Will the ME and CFS segments of the community come together to build? I think its a noble and nice ideal, but based on my experiences, it looks unlikely.

    The CFS part of the community is too gripped with fear. Neenyah Ostrom observed this years ago about the community, when it cowarded in the face of the obvious points of similarity between CFS and AIDS. I recall when I first began searching for answers years ago when I fell ill, how obvious that was to me. What I also found intriguing was the fact that no one in the CFS community ever mentioned it or wanted to discuss it. Given that, I thought I was probably barking up the wrong tree....until I came across Neenyah Ostroms book around the same time....which only made me dig deeper. Recently I read a statement by Neenyah and she said, that the similarities between CFS and AIDs were obvious to all those outside the CFS community. She stated the CFS community was in a state of deliberate denial.

    Neenyah Ostrom observed that the CFS community was aware of the parallels but was deathly afraid of the consequences of that and so, stood in the shaddows and watched the bravery of the AIDS campaigners. Had the CFScommunity over come their fear - it may not have taken 25 years to discover XMRV. It might also have meant, that many of us here today would not have had to endure the years of mysery that we have had to endure. Fear has some immediate benefits, but it sure comes with heavy costs. ie: look after me right here and now- to hell with the future and those that might follow.

    The HIV/AIDS groups looked fear straight in the eye and said -there is no other path. They fought, demanded and acheived. 25 years on, and despite the appearance of WPI, the CFS community is still allowing fear and immediate self interest -to get the better of them. They point the finger at the ME crowd alleging that they are selfish - that if ME is introduced, where will it leave people who do not fit into ME? But the fact of the matter is, many of those who are fighting for the due recognition for ME,do not have an ME diagnosis but recognise that they may have had one, had the truth not been lost. They understand the injustice and the suffering and that this should never have happened. They understand the need for truth and how that plays a part in the greater good - irrespective of what that might cost them personally.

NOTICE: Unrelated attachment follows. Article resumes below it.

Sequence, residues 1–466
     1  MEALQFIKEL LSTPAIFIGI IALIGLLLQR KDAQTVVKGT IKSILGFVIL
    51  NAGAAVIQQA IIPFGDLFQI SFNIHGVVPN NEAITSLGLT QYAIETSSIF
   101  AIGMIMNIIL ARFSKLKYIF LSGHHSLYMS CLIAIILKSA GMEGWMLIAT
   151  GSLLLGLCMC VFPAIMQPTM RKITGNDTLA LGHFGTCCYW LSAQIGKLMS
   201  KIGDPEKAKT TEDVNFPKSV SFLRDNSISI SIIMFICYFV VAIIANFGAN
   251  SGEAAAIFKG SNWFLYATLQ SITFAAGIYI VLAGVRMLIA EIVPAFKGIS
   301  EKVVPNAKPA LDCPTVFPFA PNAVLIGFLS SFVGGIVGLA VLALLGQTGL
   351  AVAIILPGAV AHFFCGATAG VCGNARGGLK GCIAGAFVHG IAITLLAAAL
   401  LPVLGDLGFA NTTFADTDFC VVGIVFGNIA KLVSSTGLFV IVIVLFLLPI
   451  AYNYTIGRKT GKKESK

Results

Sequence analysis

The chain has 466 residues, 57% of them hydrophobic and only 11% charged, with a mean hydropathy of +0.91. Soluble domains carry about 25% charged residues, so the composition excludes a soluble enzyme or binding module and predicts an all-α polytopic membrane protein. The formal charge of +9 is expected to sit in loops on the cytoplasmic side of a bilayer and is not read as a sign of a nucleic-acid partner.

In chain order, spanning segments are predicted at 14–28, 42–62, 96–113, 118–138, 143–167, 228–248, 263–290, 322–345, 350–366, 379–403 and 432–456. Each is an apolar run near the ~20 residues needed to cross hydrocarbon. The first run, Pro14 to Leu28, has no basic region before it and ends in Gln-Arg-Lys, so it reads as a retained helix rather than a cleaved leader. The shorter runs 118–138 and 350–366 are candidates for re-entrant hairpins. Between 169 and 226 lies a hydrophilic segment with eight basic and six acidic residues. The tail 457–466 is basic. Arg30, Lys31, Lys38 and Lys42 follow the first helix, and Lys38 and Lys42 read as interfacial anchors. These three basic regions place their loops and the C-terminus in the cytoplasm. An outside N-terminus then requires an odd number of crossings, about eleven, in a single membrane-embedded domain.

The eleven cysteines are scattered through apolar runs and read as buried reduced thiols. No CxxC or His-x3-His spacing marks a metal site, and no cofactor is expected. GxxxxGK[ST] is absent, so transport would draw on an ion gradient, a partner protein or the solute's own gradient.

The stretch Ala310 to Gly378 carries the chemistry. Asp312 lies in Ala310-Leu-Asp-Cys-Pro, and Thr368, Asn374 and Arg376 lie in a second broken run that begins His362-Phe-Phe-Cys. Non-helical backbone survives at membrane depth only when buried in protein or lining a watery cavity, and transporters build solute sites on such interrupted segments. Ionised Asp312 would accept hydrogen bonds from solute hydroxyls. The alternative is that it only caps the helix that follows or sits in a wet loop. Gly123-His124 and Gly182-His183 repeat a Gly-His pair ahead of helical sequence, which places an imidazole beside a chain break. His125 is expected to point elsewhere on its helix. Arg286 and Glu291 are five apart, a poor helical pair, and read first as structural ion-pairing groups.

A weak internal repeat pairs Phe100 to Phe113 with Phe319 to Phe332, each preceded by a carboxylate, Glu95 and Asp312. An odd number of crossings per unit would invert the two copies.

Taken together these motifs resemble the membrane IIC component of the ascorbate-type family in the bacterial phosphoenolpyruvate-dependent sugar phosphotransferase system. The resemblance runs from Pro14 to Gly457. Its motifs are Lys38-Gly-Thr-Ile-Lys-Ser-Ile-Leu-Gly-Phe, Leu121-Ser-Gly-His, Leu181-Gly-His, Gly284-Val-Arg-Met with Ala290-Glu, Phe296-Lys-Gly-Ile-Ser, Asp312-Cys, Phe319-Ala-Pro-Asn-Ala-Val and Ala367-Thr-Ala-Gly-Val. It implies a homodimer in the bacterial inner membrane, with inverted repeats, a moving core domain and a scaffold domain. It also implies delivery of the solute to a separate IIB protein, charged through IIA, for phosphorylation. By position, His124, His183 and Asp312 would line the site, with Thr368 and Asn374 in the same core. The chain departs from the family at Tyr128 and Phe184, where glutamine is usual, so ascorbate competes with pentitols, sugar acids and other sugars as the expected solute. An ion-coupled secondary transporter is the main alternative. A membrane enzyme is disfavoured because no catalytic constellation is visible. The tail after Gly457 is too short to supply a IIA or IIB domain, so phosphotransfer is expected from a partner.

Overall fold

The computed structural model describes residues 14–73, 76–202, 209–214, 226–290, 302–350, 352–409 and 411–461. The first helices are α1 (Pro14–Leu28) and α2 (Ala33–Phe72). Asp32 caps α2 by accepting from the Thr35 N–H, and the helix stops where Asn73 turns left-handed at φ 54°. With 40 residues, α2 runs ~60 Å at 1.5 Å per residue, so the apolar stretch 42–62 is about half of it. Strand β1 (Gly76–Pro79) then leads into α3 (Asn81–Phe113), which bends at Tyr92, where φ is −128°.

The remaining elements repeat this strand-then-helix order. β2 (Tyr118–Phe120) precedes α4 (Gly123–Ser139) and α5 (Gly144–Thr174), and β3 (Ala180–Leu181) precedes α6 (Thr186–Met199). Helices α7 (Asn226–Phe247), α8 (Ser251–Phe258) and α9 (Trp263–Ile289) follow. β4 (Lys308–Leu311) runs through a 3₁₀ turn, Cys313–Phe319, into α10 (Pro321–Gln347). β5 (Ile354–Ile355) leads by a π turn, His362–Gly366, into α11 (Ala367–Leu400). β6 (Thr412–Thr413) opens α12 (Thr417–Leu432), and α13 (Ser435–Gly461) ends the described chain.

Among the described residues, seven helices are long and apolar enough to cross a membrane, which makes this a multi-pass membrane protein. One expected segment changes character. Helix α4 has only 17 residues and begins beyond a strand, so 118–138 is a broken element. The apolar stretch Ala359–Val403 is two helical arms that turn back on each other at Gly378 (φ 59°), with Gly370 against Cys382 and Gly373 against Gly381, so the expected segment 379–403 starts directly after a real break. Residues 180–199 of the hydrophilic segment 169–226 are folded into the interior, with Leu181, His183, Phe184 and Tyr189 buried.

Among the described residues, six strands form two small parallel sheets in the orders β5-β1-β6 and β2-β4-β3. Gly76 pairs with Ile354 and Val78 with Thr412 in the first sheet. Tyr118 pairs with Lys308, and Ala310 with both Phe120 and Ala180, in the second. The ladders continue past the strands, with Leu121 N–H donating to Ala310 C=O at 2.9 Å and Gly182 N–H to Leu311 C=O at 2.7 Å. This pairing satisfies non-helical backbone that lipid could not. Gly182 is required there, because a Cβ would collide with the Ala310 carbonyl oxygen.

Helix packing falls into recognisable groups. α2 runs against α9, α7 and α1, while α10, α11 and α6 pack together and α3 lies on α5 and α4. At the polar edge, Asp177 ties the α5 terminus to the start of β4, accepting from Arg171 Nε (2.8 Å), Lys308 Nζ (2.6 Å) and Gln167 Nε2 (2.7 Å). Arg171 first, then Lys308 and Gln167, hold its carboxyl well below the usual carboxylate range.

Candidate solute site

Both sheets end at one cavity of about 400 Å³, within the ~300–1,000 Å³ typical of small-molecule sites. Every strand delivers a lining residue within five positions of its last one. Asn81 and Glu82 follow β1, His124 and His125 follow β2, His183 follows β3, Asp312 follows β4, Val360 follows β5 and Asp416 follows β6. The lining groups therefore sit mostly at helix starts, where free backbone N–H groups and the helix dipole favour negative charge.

And now, it seems that this hot bed of fear that wants to push ME away or mix it in with CFS, is now being channelled towards XMRV in some parts of the community. There are also patient organisations across the world who propose to advocate for PWCFS but have remained deathly silently on the matter. One has also publicly discouraging its members from any political lobbying.

    The CFS community needs to get a backbone and think about the greater good.

    Fear will always keep it small, divided and ineffectual. To be successful, it needs to look at what the HIV/AIDS community did -and I dont mean strategy - I mean how they mastered fear and harnessed courage to work with the truth. That's what made the difference and it translated into funding, research and anti retroviral treatments. You can protest about the fact that people with AIDS were dying and that is why they were effective, but a strong case could have been made at the same time for people with CFS ie that they were dying every single day. They were living with an AIDS like illness, not for months ending in death - but for years - a long living death. Those PWCFS with an XMRV/MLV + diagnose, owe a hell of a lot to the bravery of those activists that ensured millions of dollars were poured into research and antiretroviral treatments. They stood up bravely so that those that followed would reap the benefits.

    I sense, at this stage that the ME community will work towards ME/ME research and educating scientists etc about what it is and what it is not and the CFS community will work with whatever it is they choose to design and continue to contribute the existing large body of research (3,000 plus papers) .
     
  3. Bob

    Bob

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    You make really valid points floydguy, but PEM maybe something we could push for to be included immediately for a 'CFS' or 'CFS/ME' diagnosis, whereas, don't you think that the inclusion of measurable biomarkers is going to take many years for the CFS/ME-diagnosed and CFS-diagnosed community to agree on?